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Publisher Description

This book will cover several topics to elaborate how proteomics may contribute in our understanding of mechanisms involved in stress adaptation. The knowledge being accumulated by a wide range of proteomics technologies may eventually be utilized in breeding programs to enhance stress tolerance. This book presents comprehensive reviews about responses of crop and farm animals to environmental stresses. Challenges related to stress phenotyping and integration of proteomics and other omics data have also been addressed.According to FAO’s estimate, the number of people suffering from chronic hunger has increased to over a billion. Due to most of the extreme poor who suffers from hunger live in rural areas, the effort to enhance agricultural productivity will be a key element in reducing the number of global population suffering from hunger. This goal will not be achieved unless we develop new genotypes of food crops and animals that will both improve production under sub-optimal conditions. The discovery of genotypes with the capacity to cope with these problems suggests that increasing the support of breeding for fragile environments is a viable strategy for uplifting the rural poor. However, breeding for environmental stresses, is a slow and inefficient process. Also several genotypes with good stress tolerance environmental stresses have been identified or developed, it is difficult to transfer these traits into elite backgrounds because they are genetically very complex. One possibility currently being evaluated for enhancement of stress tolerance is to apply biomarkers in breeding programs to follow the inheritance of major genes that are difficult to phenotype, such as pyramids of disease resistance genes of similar effect. Proteomics is a powerful approach to identify proteins associated with stress tolerance. It offers an entry point for identifying possible significant changes in protein levels against a background of unresponsive proteins.The application of proteomics is usually initiated by detection of stress responsive proteins thought comparison between stressed and control organisms. Identification of these expressional candidate proteins may then reveal that some of them have functions clearly consistent with the stress tolerance trait. Other relevant information including the expression pattern at mRNA and metabolomics may help to further verify the correlation of these candidate proteins with desirable traits. The step forward from collecting proteomics data to functional prediction will pave the way for the sustainable agricultural production under unfavorable environmental conditions.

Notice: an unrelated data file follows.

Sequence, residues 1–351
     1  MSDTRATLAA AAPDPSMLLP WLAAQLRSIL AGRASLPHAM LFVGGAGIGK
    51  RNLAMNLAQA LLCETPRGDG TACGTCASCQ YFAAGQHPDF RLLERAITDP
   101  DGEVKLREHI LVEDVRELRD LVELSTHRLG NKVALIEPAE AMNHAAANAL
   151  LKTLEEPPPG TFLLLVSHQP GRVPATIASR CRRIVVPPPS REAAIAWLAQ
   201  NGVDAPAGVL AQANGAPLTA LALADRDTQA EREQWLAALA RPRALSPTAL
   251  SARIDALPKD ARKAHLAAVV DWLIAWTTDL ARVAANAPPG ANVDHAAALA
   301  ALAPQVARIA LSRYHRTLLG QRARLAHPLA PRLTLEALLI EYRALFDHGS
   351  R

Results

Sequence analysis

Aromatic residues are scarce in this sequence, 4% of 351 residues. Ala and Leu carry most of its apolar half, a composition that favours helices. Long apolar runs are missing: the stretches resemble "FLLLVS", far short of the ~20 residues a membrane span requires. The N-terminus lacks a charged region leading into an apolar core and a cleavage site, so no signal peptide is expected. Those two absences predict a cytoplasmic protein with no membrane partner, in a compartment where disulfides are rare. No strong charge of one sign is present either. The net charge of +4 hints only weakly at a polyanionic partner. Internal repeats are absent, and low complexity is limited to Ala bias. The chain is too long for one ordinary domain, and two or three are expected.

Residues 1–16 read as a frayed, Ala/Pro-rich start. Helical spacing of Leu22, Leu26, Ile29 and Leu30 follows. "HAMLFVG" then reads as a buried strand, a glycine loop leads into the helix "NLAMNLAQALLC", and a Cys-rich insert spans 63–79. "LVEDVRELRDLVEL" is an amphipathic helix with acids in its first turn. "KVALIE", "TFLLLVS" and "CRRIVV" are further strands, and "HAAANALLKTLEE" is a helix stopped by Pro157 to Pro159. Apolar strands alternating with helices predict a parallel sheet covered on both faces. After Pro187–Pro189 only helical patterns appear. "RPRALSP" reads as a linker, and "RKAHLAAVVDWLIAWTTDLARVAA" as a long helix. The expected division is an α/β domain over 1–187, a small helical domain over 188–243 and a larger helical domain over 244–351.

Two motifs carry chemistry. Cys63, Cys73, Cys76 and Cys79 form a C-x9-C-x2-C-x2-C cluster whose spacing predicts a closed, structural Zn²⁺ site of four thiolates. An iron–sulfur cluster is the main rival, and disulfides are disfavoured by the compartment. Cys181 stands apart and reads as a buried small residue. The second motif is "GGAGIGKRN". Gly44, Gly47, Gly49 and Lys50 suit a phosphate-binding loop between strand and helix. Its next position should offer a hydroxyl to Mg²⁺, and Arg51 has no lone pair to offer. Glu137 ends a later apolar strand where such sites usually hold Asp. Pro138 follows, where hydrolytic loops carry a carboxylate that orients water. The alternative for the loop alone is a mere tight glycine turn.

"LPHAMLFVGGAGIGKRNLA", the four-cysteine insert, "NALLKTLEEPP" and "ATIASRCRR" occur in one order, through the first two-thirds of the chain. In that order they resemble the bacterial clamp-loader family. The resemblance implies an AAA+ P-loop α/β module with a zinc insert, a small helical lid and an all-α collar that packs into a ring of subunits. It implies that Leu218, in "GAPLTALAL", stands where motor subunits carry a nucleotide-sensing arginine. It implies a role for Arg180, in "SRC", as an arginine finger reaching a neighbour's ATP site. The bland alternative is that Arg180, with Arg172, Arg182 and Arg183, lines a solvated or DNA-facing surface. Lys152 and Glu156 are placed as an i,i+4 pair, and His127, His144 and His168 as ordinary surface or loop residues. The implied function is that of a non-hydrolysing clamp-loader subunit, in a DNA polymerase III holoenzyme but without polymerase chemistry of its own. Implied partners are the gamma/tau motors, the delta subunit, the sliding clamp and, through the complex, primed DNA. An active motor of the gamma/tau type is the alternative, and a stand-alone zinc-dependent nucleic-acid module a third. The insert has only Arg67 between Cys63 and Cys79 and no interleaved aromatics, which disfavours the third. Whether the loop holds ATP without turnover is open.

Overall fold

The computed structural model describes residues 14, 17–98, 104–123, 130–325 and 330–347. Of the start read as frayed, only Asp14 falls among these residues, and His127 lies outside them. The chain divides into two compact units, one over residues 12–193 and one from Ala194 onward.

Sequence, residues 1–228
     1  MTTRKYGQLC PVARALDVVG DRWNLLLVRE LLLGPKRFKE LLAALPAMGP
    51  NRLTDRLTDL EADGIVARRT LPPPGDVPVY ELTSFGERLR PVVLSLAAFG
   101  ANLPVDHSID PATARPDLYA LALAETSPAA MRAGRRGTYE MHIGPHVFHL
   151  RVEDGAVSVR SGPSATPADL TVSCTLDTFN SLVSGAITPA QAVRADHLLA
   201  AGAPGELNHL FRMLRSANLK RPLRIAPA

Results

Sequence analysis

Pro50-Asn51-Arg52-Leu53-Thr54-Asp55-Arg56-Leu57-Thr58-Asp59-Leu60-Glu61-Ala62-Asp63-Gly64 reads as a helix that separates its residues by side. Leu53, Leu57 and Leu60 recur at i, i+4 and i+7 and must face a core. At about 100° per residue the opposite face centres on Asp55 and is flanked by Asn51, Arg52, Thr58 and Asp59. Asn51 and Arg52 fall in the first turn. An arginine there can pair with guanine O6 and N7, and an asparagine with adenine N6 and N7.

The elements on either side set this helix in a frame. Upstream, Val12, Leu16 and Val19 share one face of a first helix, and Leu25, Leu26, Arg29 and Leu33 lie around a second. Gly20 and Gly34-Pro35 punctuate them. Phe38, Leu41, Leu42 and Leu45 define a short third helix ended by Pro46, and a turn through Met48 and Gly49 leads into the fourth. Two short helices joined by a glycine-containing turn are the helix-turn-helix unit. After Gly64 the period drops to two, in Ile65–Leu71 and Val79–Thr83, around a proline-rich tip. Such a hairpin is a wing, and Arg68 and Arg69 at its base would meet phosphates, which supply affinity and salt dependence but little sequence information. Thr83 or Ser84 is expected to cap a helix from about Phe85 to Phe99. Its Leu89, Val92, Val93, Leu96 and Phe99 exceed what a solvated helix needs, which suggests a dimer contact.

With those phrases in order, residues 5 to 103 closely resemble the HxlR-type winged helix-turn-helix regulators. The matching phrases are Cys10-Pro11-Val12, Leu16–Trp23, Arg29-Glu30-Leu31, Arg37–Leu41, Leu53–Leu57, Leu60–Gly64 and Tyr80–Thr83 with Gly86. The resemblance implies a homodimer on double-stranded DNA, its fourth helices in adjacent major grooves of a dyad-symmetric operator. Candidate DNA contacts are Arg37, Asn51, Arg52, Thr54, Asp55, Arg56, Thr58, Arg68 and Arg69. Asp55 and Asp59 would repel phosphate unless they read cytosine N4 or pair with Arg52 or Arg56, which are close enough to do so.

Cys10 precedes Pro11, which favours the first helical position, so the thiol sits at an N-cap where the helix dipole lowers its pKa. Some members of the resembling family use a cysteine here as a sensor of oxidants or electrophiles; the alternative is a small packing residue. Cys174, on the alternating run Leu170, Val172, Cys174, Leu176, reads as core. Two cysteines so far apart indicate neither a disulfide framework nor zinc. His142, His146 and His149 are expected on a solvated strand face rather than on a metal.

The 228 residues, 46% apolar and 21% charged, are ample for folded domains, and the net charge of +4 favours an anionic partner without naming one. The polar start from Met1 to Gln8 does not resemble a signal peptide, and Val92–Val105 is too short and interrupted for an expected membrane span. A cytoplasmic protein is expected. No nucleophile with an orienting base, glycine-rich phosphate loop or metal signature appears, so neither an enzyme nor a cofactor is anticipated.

Science & Nature
August 24
Springer International Publishing
Springer Nature B.V.

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